On an idyllic farm, the doe delivers her goat kid, cleans them, and happily begins nursing soon after. As farmers, we know sometimes things don’t always go as planned.
Sometimes a doe will reject her kid, suffer poor milk production, become ill during or after labor resulting in the inability to nurse, damage a teat, and so on.
When something unforeseen and unfortunate happens, so does improvisation.
Feeding Baby Goats Cow Milk
During goat birth, it is essential that the kid or kids are quickly dried off and stimulated.
Goat kids will often stand, call out and begin searching for a teat if they are healthy and had an uneventful delivery. In normal cases, the baby goat will be able to feed from its mother.
The Importance Of Colostrum For A Baby Goat
Within the first 24 hours of kidding, the doe produces colostrum.
Colostrum is a thick, yellow milk full of maternal antibodies, fat, minerals, vitamin A, and other energy sources.
Goat kids require this colostrum to thrive and typically do not survive or thrive without colostrum in the first 24 hours.
If possible, after kidding, it is imperative to collect colostrum from the doe and bottle feed (or tube feed if necessary) the baby goat.
Colostrum from another mother who has kidded within the last 24 hours is preferred, with frozen colostrum following that. There is powdered substitute colostrum sold at most farm and feed stores.
Before lambing or kidding season, I usually have some on hand, just in case. Goat kids should ingest colostrum within the first hour after birth, not to exceed 6 hours without.
Feeding A Goat Kid After The First 24 Hours
If your goat kid has survived their first 24 hours as a newborn and is now ready to be transitioned to milk, you have options.
Of course, fresh goat milk from the mother would be best for bottle-feeding babies, but cow’s milk will work fine as well.
As with the powdered colostrum, goat milk replacer is available but not as readily as cow’s milk from the grocery store.
Cow’s Milk For Baby Goats
While drinking cow’s milk is absolutely fine for goat kids, there are a few things to consider:
Source For Cow Milk
Ideally, if your farm also has a family milk cow, fresh cow milk will be easiest for your kid (and you) to handle.
If fed directly after milking, the milk may be at a proper temperature and readily accepted by the goat kid. If you do not have a milk cow or access to raw milk, cow’s milk from the store will also work.
Best Kind Of Cow’s Milk
If purchasing milk from the store, it is crucial to purchase whole cow’s milk for your goat kids.
Whole cow milk has a higher fat percentage, and with cow’s milk being slightly less fatty than goat’s milk, to begin with, whole milk is the only option to choose that will guarantee your kid puts on adequate weight.
Proper Care And Preparation Of Cow’s Milk
Goat kids expect a warm meal! Therefore warming the store-bought milk is a must to avoid stomach upset. The milk should be warm but not hot.
The milk should be fed in a bottle with an appropriately sized teat to encourage suckling. The bottle should be washed out after each feed and left to dry before the next one.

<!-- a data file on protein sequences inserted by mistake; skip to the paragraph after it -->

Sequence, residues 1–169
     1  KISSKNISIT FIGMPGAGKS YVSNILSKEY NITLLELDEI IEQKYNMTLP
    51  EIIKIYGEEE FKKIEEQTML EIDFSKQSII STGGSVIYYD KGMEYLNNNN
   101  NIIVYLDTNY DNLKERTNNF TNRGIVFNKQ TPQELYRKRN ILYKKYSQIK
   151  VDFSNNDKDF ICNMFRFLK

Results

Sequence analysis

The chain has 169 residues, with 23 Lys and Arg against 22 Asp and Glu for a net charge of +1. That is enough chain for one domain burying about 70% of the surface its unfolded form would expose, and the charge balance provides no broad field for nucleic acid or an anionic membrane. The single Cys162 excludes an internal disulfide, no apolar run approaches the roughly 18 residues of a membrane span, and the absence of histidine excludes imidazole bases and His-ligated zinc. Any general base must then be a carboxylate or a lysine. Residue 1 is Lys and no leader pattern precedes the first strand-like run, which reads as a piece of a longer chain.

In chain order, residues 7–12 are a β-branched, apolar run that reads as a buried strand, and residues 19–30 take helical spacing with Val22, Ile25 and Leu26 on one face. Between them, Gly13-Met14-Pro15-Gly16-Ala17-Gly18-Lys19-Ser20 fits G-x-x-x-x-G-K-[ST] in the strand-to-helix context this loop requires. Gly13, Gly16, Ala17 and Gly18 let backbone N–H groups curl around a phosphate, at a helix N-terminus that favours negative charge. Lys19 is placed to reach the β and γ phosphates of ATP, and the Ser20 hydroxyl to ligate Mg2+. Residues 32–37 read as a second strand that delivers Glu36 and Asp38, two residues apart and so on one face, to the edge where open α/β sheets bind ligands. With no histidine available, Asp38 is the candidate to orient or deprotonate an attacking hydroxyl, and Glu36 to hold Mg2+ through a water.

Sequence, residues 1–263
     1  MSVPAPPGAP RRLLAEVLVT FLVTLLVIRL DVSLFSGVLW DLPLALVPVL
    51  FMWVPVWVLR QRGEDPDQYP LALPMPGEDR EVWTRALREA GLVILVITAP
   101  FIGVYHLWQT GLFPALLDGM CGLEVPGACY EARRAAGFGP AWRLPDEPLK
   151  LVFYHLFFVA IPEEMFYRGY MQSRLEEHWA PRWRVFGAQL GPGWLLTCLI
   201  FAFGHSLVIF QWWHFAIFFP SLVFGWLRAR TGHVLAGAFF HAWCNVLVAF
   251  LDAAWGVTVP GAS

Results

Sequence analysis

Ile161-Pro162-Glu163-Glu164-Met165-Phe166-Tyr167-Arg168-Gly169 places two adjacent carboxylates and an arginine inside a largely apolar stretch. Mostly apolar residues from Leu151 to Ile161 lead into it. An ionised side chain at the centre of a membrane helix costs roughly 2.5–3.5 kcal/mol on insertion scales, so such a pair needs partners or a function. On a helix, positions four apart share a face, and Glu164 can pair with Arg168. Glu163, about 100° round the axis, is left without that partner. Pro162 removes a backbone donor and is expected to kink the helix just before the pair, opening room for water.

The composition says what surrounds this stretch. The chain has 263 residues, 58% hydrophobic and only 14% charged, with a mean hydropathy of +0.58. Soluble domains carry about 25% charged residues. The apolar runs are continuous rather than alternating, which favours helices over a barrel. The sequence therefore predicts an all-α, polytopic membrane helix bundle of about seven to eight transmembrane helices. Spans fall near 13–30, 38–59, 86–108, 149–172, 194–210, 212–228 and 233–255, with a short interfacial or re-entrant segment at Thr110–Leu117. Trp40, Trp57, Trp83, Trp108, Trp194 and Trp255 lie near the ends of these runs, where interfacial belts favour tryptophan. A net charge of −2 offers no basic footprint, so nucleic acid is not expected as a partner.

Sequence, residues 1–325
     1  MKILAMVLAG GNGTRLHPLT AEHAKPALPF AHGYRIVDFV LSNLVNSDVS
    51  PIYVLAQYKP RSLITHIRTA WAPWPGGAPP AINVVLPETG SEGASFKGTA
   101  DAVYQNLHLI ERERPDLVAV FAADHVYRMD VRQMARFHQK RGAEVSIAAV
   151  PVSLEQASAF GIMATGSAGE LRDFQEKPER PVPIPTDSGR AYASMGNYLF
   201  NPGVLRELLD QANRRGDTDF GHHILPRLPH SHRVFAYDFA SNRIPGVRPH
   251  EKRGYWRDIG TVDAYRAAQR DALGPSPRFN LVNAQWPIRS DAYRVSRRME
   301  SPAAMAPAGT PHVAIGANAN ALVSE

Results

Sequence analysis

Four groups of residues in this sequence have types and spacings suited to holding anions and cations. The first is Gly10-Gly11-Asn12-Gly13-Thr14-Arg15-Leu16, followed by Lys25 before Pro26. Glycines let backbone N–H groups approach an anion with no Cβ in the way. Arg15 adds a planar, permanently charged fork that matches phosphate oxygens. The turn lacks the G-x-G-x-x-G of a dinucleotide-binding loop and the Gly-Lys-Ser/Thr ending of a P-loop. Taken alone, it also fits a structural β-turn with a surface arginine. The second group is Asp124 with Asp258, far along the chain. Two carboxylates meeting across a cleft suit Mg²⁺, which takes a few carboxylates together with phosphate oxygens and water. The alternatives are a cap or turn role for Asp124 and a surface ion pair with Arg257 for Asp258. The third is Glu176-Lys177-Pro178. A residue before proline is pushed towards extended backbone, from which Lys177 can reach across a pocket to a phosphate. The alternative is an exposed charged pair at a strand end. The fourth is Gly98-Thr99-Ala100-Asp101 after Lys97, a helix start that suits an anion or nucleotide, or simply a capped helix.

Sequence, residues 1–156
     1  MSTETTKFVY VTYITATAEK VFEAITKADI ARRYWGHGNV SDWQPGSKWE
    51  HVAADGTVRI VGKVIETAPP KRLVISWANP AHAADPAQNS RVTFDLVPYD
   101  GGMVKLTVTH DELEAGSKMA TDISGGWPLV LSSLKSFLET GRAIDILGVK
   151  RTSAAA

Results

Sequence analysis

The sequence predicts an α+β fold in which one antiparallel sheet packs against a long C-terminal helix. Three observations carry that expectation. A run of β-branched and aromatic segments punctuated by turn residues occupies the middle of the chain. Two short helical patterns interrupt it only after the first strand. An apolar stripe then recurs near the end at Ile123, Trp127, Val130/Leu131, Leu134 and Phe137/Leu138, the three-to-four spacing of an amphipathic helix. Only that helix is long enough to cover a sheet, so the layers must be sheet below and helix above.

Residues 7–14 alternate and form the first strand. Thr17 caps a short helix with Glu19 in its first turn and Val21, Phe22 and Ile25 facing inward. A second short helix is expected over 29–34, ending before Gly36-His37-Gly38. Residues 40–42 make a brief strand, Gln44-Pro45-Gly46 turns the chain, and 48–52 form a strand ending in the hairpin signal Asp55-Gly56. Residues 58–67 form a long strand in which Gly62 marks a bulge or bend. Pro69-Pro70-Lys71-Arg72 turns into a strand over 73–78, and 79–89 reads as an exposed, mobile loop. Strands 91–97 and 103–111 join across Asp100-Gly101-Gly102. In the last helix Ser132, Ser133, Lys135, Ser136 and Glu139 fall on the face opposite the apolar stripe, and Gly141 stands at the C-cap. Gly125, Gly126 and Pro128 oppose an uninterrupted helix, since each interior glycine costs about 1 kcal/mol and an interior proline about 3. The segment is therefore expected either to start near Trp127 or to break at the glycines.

How Much Do I Feed My Goat Kid?
Guaranteeing your goat kid is eating a proper amount of milk is an important part of bottle feeding.
|Age Of Goat Kid
|Amount Of Milk Per Feeding
|Approx. Feeding Frequency
|2-4 Days Old (After Colostrum)
|4 times per day
|5 -14 Days Old
|3 times per day
|2 – 7 Weeks Old
|Up to 30 ounces
|2 times per day (or 3 smaller feeds)
These are approximate amounts, and a goat kid should be fed more if appearing hungry.
Successful Bottle Feeding
Once you and the baby goat get into the bottle feeding routine, be it with goats or cows milk, the bonding time can be very useful in creating a friendly whether or future milker.
How To Bottle Feed Baby Goats
Bottle-feeding your baby goats may pose some challenges at first. But in time, both you and your goat will be comfortable with it.
Start off by preparing the cow’s milk in a bottle. Take the kid in your lap and slightly hold its head up.
Put the bottle into its mouth. Some baby goats will navigate the bottle right away.
However, it’s not always the case. Sometimes, you need to have persistence and patience when it comes to bottle-feeding baby goats.
Other goats may start chewing the nipple instead of chewing it. When this happens, keep on trying until they learn to suck instead of chewing.
When and How Long to Bottle Feed Kids
Fortunately, a baby goat can be weaned as early as one month of age. However, it’s best to keep bottle-feeding them for a few weeks longer.
You can bottle-feed them every four hours after birth or whenever the kid starts to make a fuss.
In most cases, homesteaders would bottle-feed female baby goats for at least three months and bucklings for two months.
Other goat owners would think this is unnecessary and costly. That’s why they would rather provide water and hay so that kids can start weaning whenever they’re ready.
Feeding Baby Goats Cow Milk: Conclusion
It may be a challenge at first, but feeding baby goats cow milk can be one of the most fulfilling experiences in goat raising!
There might be instances that the goat’s milk may not be enough to support their kid’s needs. So giving them cow milk is the next suitable choice!
Bottle-feeding baby goats cow milk can provide them with the nutrients they need. All it takes is a little patience and hard work to get your baby goats comfortable with bottle feeding.